How did you first develop an interest in make up?
Growing up in the ‘70s and early ‘80s, it would be hard not to develop an interest in make-up. When I was around 11, I found a big picture book on David Bowie at the library and I saw photos of the New Romantics from London at around the same time. The mix of future shock and nostalgia for an imaginary past inhabited by Marlene Dietrich and Greta Garbo. This became my initial motivation.
You are well known for your extraordinary creative artistry but you have an incredible body of work in beauty as well. Is there one type of work that you find more satisfying?
To quote Judy Garland,“You give the people what they want and then go buy yourself a hamburger.” I’m kidding, but there is some truth to that in the way that you should be flexible and do the make-up that’s appropriate for the project. The satisfaction comes from doing the best version of that work you can and in a relatively short amount of time so the energy at the shoot doesn’t go down.
What is the most challenging thing about being so innovative in your artistry? Do you feel the need to reinvent your work regularly?
It’s good to explore beyond your comfort zone. There’s a lot of making it up as you go along. It’s also important to know when to stop. Working with talented models, hair stylists performers, photographers and fashion stylists provide an atmosphere where you can invent something that surprises even yourself. It’s not something I plan though, usually it’s more a case of rising to the occasion.
You’ve worked in so many areas of the industry, from fashion to advertising to celebrity work and beyond. If you had to give up all but one what would it be that you stick with?
There’s so much overlap it’s hard to say. Lately I’ve been working with FKA Twigs and her projects – personal appearances, videos, ad campaigns – have been like all of the above that you mentioned. If the people I’m working with are great, then I’m happy.
Your social media truly gives followers a wonderful peek into your personality and your life, whereas many just focus on their work itself. Why do you feel it’s important to show both your personal and professional sides?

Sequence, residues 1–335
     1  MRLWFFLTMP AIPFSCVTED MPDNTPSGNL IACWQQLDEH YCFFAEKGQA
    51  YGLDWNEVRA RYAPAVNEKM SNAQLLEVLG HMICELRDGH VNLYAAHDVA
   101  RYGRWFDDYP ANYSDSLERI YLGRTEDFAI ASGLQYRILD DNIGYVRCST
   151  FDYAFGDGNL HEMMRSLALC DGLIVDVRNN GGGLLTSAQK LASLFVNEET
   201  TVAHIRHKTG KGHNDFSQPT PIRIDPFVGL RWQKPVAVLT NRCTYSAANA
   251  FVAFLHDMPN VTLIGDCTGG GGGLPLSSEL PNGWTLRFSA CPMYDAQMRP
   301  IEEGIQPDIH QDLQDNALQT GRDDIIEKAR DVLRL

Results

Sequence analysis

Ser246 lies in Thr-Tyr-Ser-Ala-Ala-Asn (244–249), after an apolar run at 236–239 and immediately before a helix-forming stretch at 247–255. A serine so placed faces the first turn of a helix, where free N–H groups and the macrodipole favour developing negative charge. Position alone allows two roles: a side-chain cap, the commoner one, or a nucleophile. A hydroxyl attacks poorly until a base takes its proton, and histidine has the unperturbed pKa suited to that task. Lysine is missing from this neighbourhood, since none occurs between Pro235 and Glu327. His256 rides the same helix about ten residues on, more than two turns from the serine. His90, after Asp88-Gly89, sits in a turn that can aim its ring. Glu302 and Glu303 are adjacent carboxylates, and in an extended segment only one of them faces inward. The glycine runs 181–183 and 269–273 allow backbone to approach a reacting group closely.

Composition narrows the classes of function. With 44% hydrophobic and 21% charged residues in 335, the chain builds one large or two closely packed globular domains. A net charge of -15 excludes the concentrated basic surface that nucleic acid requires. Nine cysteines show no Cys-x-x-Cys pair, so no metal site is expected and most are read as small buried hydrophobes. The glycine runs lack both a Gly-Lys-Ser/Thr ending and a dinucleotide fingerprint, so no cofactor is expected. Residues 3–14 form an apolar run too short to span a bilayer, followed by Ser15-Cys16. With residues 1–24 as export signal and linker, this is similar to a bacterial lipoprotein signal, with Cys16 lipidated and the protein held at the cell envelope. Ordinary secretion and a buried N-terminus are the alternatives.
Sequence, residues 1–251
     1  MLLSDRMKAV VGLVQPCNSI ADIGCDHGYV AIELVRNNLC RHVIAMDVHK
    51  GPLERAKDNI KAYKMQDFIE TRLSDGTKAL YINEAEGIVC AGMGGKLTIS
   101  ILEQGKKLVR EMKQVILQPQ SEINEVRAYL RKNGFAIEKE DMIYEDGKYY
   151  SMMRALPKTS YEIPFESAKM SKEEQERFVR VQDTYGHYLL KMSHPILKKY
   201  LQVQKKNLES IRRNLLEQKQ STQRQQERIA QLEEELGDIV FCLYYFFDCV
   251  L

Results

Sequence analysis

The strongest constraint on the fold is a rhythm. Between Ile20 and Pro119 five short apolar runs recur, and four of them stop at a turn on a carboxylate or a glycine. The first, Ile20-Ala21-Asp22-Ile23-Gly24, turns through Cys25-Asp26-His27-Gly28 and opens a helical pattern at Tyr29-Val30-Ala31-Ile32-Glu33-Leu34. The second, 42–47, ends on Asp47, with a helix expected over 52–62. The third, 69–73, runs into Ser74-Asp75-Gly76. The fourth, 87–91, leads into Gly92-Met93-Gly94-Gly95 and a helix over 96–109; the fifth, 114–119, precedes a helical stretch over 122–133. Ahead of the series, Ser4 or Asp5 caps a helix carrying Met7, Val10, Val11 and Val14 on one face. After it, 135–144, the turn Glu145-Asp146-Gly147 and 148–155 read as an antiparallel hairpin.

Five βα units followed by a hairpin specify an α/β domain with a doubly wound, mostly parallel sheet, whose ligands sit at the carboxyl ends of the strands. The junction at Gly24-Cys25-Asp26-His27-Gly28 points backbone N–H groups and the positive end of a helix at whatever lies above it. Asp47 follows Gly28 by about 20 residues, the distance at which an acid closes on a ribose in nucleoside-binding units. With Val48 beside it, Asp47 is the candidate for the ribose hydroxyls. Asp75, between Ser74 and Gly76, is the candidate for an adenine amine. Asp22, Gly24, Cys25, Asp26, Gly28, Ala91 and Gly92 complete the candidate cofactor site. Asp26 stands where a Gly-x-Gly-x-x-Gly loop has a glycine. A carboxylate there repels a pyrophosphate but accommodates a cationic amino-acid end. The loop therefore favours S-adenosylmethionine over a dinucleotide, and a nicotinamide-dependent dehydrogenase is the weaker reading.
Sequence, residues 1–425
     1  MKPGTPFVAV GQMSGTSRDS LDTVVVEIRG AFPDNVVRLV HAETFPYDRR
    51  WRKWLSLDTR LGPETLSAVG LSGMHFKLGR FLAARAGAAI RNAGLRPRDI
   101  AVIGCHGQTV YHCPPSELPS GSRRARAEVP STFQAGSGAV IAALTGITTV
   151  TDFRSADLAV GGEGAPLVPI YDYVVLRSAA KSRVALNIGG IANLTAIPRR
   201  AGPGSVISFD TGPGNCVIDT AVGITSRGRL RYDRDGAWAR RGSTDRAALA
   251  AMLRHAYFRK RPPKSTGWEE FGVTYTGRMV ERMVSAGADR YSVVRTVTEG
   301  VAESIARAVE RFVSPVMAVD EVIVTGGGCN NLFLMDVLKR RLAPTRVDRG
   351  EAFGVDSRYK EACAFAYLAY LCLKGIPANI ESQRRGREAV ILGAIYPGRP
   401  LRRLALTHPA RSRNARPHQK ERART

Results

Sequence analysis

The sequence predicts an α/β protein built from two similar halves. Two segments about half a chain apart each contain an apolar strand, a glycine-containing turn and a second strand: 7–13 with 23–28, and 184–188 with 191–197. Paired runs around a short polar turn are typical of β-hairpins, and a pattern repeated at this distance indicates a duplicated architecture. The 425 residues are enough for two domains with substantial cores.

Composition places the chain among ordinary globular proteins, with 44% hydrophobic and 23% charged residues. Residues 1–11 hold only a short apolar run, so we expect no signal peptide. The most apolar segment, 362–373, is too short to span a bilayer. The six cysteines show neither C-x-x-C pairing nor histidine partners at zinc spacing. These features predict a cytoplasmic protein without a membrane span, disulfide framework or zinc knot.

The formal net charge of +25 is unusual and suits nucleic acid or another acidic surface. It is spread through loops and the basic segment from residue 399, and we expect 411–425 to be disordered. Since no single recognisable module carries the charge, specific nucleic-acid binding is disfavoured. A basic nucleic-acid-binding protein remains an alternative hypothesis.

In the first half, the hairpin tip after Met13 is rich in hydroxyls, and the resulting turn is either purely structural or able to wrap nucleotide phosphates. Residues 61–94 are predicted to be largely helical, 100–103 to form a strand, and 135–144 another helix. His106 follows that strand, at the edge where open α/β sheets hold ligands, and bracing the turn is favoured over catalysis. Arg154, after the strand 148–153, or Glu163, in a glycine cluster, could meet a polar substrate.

I’ve never thought about it really. I guess it’s more organic that way. If they just want to see the work then they can look at my website.
You have had one of the longest, high-profile and unique careers in our industry. What do you think gives you and your work that staying power?
That’s nice of you to say. It helps to be lucky and not burn any bridges. My agent and husband has guided my career with the choices he makes regarding the projects I accept. As far as the quality of the work goes, I always try to do my best otherwise I would be doing something else.
You are an illustrator and artist as well as a makeup artist. Do the two worlds intersect and influence each other?
Yes, because it’s all design, craft and knowledge of your medium, whether it’s paint or make-up. Sometimes the makeup ideas have a preliminary sketch to focus the idea for discussion. Photo references can be distractingly specific but a sketch can be more abstract and work better as a jumping off point. It was through painting that I learned control of the brush and explored color combinations that I benefited from when I became a make-up artist.
Are there any new products out there that are must-haves for you?
I love MAKE UP FOR EVER’s new Matte Velvet Foundation formula. I’m a big fan of Danessa Myricks’s entire line. Sian Richards Hydro-proof Longwear Crème Pro Palettes. Lemonhead Glitter Gels. MAC’s Fix+ is a staple in my kit. I use it for blending.
You’ve been a fixture at fashion week for over a decade. How do you prepare for fashion week?
I try to contact the designer a few weeks beforehand to get some grasp on their collection. Sometimes they have lots of ideas for the make-up themselves but more often they want to see sketches and ideas from me. Things get simplified and ideas get streamlined on the day of the test, when we see the makeup together with the styling and hair. But I still like to be overly prepared and bring a lot of stuff that could possibly work with the concept. Things that I wouldn’t normally bring with me for a regular shoot. The Manish Arora show is a case in point. Every season is different from the last and has to feel special. For last season, I had stencils laser-cut to duplicate the ones I made by hand for the test. A few seasons ago I had masks made out of rainbow-colored plastic change purses. Who knows what this season will bring.
What’s next for Kabuki?
I’ve come up with some concepts for beauty shoots, a new approach for me since I usually come up with ideas after I’m brought on board a specific project. Other than that, we’ll just have to wait and see. I plan to be around for a long time.
Words Michael DeVellis